First Wideband Modems Could Be $100

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The first wave of cable’s next-generation cable modems, which promise downloads up to 160 megabits per second, are currently in the middle of certification testing by CableLabs and should be ready for early deployments in 2008.

But as the ship dates near for the initial modems that use CableLabs’ Data Over Cable Service Interface Specification 3.0, it’s becoming clearer that DOCSIS 3.0 modems will be more expensive than perhaps previously anticipated.

John Sweeney, Scientific Atlanta director of product strategy and management, estimated that the street price of a 3.0 modem will be around $100, adding that quantity has a large effect on the per-unit price. Current DOCSIS 2.0 modems cost an average of $65 to $70, according to research firm In-Stat.

“It’s not the $10-to-$20 delta [between 2.0 and 3.0] the cable operators were encouraging the industry to hit,” Sweeney said.

DOCSIS 3.0 delivers higher bandwidth by virtually combining several 6-Megahertz channels in a digital cable system, to act as if they were one. The specification requires cable modems to support four downstream and four upstream channels, theoretically capable of sending data at around 160 Mbps down and 120 Mbps up.

One of the reasons DOCSIS 3.0 modems cost more is that to be able to bond four channels up and down, they require much more memory than their 2.0 cousins. For example, while a 2.0 modem may have needed 8 megabytes of memory, a 3.0 unit will require upward of 32 MB.

As Sweeney explained: “You have to park the packets in memory and then reassemble them. In the data rates we’re working with -- 160 megabits per second -- that’s a lot of bits you have to reassemble.”

Over time, vendors will optimize modems so that future models should have lower memory requirements, said Peter Percosan, executive director of broadband strategy for Texas Instruments’ residential gateway business. TI is supplying DOCSIS 3.0 chips to Arris, Scientific Atlanta and Motorola, among other vendors.

“The initial focus [for DOCSIS 3.0] was functionality and stability,” he said. “There’s a lot of opportunity to shrink the memory footprint.”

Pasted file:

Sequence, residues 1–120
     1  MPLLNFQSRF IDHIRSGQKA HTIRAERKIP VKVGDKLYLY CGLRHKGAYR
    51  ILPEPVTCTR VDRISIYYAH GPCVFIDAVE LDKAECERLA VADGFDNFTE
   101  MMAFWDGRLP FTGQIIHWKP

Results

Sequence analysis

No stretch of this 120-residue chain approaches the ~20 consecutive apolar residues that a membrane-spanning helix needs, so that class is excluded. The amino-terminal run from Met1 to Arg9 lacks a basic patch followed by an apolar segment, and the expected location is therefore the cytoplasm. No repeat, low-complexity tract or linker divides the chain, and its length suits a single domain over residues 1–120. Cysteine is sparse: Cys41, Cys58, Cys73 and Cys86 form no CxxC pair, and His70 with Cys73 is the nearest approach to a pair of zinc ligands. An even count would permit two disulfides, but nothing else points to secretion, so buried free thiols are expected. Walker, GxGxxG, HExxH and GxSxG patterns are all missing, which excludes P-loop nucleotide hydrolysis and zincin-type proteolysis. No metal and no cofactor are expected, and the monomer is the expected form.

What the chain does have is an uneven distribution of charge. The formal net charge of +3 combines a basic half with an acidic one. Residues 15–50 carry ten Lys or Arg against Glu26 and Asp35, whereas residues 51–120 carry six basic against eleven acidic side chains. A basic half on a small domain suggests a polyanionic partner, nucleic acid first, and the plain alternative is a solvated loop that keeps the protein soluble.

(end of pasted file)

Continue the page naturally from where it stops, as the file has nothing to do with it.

Mike Paxton, an analyst with research firm In-Stat, said cable modem suppliers are anticipating that volume shipments of 3.0 units will begin in September or October 2008. (In-Stat is owned by Reed Business, publisher of Multichannel News.)

That’s about a quarter later than many previously expected, but he said such slippage is “common enough when you’re talking about a new technology like this,” he said.

“I don’t see anything over all with red flags in terms of rolling out the products,” Paxton said. “But maybe there was a little bit too much enthusiasm about how quickly this would happen.”

CableLabs was scheduled to complete certification testing of the first wave of DOCSIS 3.0 this week. Vendors that have submitted cable modem and CMTS products for the tests include Arris, Cisco, Motorola and Scientific Atlanta.

After testing is completed, a certification board comprised of cable operator executives reviews the results and issues recommendations on whether individual cable modems or CMTSs comply with the specification. The certification board, which was scheduled to meet Dec. 4 to review results of the DOCSIS 3.0 testing, may request that a product undergo additional retesting after a vendor addresses any issues.

That means CableLabs-certified DOCSIS 3.0 products may be ready as early as January, or it could be a few months longer than that.

“DOCSIS specifications are complicated, and sometimes it takes more than once to get through certification ... Early specs can be read differently,” said Tom Cloonan, chief technology officer for Arris’s broadband division. “We’re hopeful [about receiving certification], but we’re realistic.”

Sweeney said Scientific Atlanta is in “a ramp-up mode” to produce its first DOCSIS 3.0 modems, with the initial models expected to roll off the production line in the early first quarter of 2008.

“The big issue will be getting orders in place to justify production,” he said. The question will be how long it will take MSOs to evaluate the new products in their labs, a process he said could take up a good part of the first quarter.

Rouzbeh Yassini, an early cable-modem pioneer who is CEO of venture-capital firm YAS Broadband Ventures, believes operators won’t begin wide commercial deployments of DOCSIS 3.0 until mid-2009 at the earliest.

Historically, he said, for a new cable technology, it has taken about 18 months to go from factory production to field implementation. “If you can do it more quickly, more power to you,” he said.

“Cable operators have to keep making money and they’re going to continue deploying what works,” Yassini added, meaning current-generation DOCSIS 2.0 cable modems.

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